Queen Elizabeth II vs. Catherine, Duchess of Cambridge: Royal Fashion Face-Off!
Duchess Catherine has been in the fashion spotlight since she joined the royal family, but at Diamond Jubilee celebrations, Queen Elizabeth is getting the chance to show off her own signature style. Who wears crown as Best Dressed? Vote!
All hail McQueen! During a cruise down the river Thames, Queen Elizabeth's Angela Kelly boucle dress and coat (designed by in-house couturier Angela Kelly) glittered with Swarovski crystals, but it paled in comparison to Catherine's fiery Alexander McQueen frock and Lock and Company fascinator.
While Catherine was the picture of understated glamour in a nude lace frock by Sarah Burton for Alexander McQueen during a special service at St. Paul's Cathedral, Queen Elizabeth adorned her metallic Angela Kelly jacket with one of her most impressive accessories — the Cullinan III and IV diamond brooch with a combined weight of more than 157 carats.
Clad in a floral-print dress and royal blue coat by designer Stewart Parvin (who has designed for Her Majesty since 2000) and a hat by Rachel Trevor-Morgan, the Queen kicked off her Diamond Jubilee with a trip to the Epsom Derby. Last month, Catherine wore a teal blue button-up frock from British label Libelula when she cheered her husband on at a charity polo match.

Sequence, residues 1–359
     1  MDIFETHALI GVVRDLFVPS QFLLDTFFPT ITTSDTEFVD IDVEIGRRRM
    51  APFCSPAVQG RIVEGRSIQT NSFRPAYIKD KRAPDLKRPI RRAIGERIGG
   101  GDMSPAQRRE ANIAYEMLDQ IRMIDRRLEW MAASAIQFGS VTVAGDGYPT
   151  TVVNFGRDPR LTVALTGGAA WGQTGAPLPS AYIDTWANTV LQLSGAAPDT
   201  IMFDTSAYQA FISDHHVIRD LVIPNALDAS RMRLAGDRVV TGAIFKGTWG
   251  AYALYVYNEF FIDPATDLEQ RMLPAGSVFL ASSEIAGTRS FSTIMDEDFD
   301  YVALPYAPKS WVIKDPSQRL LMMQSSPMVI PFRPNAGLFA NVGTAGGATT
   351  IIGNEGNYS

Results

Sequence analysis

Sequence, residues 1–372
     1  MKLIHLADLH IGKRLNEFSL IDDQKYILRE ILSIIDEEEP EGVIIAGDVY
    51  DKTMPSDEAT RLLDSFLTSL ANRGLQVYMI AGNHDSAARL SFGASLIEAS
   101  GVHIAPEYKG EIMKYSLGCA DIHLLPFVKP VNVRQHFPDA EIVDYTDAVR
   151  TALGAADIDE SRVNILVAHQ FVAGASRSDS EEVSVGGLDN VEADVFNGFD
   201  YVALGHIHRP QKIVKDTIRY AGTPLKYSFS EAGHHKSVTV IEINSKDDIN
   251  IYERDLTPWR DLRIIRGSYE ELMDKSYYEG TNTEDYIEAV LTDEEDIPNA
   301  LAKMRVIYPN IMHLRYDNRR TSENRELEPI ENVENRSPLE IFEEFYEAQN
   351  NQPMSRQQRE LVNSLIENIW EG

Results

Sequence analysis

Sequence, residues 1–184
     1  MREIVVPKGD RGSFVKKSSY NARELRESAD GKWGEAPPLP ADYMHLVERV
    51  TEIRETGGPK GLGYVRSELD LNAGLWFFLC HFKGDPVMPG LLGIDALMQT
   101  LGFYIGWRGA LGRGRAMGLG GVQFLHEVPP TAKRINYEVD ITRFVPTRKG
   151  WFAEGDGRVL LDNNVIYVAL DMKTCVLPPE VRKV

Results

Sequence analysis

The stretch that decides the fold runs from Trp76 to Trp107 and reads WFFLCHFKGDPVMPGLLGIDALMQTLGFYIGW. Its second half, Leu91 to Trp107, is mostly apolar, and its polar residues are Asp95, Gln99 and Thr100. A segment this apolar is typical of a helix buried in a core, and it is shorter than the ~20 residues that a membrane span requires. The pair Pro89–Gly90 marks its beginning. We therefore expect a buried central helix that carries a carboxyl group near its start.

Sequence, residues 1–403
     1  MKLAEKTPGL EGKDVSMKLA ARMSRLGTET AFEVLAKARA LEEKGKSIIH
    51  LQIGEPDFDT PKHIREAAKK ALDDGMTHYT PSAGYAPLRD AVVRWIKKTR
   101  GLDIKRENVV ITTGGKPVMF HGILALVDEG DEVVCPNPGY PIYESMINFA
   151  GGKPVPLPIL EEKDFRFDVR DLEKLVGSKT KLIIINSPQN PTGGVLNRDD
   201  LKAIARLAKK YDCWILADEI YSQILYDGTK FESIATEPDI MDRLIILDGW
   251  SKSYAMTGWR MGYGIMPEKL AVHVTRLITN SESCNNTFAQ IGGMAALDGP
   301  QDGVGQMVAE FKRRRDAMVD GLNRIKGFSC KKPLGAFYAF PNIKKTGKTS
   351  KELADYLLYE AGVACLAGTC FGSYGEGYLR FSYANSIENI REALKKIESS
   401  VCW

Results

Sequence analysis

The Queen choose to forgo her customary headgear — she's rarely seen sans hat or tiara — at the Celebration of the Arts event at the Royal Academy of Arts. A few days later, Catherine also went topper-less at the BOA Olympic Concert, but still turned heads in a dramatic gown by American designer Jenny Packham.
The duo traveled in style when they boarded a train for a trip to Leicester, England, in March. While Kate looked polished in a peplum suit by L.K. Bennett, the Queen stood out in a flashy fuchsia cashmere coat and matching hat by Angela Kelly.
When they paid a visit to famed department store Fortnum & Mason, the Queen tried the military trend on for size in an Angela Kelly suit, while Catherine showed some skin in a tweed coat by M Missoni and shoes by Rupert Sanderson.